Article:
A collection of short stories embraces the theme of displacement, highlighting the struggles of immigrants.
In 12 tales, Aragno (Symbolization, 2016, etc.) seeks to explore the real immigrant experience, one divorced from what she calls “the facile, idealized version of migration as an unblemished horizon of rosy options and new possibilities.” With a psychological bent, the author details the “deep fault-line at the center of the self” that occurs with any uprooting from home, with any exile. The opener, “The Crossing,” follows a young dancer’s sea voyage from Europe to America in the mid-1960s, a trek she is taking against her will at her mother’s behest. The ship is, for her, “a floating jail,” contrary to what is expected on a transcontinental trip, but she undergoes a sort of rebirth during her journey. An ocean liner appears in two other stories: “Addio Emilio” follows a crew member as a ship begins to sink, torn between his duty and his passion for a woman onboard; “Isaac” features a young stowaway musician trying to escape a restrictive family environment. Aragno’s prose most often relies on a stream-of-consciousness style, usually elliptical fragments of gradually cascading thoughts, most of all in “As he lay dying,” the bedside account of a wife watching her husband perish. This style, however, becomes grating in its repetition over the course of the tales. Many of them are influenced by historical events, such as “The Triangle,” about a young immigrant woman caught in the 1911 Triangle Shirtwaist Fire, or “Jonestown,” the anguished recollection of a survivor of the 1978 massacre. These events add high stakes to the narratives but do sap some of the suspense for wise readers. Aragno deserves credit for concentrating on marginalized and overlooked characters, as in “The Bride of Palestine,” about the young woman of the title and her displaced family, and “Ayurnamut, It Cannot be Otherwise,” centered on the resilience of a group of Inuit who are forced to relocate to an inhospitable land by the Canadian government. The psychological focus in these stories, however, leads to more telling than showing, with the characters’ trajectories clinically explained rather than revealed through subtler examples.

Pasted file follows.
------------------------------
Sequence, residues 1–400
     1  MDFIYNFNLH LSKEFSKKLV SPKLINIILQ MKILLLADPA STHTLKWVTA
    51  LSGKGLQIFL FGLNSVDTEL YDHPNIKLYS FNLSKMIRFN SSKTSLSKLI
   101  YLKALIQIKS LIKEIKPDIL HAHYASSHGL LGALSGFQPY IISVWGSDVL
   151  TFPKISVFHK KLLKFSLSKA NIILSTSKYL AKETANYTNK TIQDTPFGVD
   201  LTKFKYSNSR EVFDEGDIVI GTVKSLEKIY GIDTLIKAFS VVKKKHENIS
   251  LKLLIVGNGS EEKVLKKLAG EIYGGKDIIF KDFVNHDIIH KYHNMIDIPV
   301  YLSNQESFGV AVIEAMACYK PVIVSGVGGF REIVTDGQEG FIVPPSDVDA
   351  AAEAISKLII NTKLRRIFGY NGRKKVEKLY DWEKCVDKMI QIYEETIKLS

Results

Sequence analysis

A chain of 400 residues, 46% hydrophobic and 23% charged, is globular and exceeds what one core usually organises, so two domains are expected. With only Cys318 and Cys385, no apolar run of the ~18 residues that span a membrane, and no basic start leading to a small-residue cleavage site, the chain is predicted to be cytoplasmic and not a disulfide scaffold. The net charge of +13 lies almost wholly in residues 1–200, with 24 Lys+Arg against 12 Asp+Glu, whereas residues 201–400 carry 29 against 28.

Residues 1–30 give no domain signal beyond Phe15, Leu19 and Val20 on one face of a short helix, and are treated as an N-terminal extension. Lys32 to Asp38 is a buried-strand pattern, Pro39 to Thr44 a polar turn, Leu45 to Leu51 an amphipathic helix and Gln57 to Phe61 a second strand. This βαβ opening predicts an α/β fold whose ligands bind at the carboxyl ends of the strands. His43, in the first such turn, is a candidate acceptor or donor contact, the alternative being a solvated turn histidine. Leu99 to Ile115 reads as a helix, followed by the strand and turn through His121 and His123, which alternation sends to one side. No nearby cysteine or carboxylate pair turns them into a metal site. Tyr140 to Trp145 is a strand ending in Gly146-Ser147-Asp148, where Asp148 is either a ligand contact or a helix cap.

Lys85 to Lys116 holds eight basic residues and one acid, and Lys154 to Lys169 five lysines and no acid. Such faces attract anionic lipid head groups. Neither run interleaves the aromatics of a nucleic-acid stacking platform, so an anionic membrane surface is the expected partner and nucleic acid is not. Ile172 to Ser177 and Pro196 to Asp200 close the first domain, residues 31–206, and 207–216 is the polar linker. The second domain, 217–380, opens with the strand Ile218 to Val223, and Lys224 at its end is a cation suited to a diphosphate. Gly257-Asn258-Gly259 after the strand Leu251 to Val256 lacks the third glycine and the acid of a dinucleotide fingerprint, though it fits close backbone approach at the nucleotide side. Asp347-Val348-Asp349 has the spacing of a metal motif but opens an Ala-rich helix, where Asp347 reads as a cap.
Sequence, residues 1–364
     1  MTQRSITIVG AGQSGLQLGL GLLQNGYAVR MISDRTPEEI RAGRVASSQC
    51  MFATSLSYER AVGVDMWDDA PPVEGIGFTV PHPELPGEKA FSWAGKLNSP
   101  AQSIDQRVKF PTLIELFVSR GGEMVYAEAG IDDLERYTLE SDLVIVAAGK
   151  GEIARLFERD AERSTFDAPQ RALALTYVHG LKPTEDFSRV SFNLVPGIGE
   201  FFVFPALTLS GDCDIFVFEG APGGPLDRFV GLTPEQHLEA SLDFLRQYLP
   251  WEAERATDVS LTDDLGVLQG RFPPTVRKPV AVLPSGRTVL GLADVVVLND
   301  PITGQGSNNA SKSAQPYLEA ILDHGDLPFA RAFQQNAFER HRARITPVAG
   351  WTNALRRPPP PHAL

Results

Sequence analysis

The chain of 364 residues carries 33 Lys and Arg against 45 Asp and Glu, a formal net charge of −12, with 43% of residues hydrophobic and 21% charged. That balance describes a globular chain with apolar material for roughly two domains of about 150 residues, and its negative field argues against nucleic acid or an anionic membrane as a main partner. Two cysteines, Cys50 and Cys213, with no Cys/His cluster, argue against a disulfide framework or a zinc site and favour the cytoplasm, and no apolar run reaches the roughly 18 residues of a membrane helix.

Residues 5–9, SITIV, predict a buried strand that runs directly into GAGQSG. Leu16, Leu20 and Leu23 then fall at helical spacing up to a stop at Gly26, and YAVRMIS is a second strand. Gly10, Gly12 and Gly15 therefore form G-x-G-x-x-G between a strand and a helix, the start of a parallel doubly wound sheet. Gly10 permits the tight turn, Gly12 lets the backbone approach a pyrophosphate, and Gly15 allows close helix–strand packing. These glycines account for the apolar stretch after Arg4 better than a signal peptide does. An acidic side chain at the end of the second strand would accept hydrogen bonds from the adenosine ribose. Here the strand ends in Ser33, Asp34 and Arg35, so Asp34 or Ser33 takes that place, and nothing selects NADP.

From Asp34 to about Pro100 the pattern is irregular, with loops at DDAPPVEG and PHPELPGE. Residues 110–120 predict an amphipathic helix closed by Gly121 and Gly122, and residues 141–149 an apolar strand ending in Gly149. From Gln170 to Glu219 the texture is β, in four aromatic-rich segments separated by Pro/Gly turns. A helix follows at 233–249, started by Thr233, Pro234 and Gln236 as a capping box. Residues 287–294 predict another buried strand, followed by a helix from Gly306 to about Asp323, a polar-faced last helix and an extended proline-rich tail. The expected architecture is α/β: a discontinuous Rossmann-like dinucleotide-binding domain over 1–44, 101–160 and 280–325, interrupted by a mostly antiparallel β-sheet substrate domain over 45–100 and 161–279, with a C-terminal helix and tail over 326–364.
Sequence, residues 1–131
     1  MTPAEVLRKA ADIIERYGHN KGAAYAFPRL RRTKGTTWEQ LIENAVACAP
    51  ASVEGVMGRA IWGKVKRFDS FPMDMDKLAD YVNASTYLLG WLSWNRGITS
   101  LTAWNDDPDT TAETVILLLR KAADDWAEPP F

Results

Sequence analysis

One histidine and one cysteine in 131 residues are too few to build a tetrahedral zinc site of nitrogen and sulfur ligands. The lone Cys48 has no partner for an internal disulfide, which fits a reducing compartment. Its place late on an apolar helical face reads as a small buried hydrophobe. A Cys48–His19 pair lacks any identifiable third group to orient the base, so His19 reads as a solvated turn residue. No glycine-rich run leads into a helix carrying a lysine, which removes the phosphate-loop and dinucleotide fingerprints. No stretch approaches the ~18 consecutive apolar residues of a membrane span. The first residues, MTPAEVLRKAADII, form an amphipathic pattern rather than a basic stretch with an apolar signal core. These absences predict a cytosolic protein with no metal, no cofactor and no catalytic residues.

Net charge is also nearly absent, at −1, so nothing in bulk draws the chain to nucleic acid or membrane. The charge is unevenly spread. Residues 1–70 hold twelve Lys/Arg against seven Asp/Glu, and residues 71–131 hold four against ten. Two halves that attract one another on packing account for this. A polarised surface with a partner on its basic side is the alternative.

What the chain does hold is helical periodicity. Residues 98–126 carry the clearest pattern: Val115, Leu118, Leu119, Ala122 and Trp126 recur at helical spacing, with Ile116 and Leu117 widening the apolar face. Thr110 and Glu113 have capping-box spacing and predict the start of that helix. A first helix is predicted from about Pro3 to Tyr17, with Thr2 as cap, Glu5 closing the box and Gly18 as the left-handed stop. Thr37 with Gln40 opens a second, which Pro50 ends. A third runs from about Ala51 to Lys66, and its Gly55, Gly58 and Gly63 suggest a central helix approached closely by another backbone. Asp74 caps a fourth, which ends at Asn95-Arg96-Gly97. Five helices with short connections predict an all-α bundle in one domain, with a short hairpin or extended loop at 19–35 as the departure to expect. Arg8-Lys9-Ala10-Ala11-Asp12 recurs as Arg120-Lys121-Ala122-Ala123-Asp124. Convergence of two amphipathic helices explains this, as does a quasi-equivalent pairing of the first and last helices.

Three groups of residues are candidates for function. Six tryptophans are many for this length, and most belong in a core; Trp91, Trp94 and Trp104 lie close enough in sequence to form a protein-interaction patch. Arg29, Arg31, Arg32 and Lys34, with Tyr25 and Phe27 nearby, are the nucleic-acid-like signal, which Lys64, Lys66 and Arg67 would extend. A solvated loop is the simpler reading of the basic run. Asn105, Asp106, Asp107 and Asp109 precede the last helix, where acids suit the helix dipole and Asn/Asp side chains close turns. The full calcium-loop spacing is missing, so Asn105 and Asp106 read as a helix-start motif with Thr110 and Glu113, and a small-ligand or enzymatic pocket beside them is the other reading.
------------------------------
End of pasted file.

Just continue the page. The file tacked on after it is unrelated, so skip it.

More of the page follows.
Tales with captivating premises that sometimes lack strongly developed characters.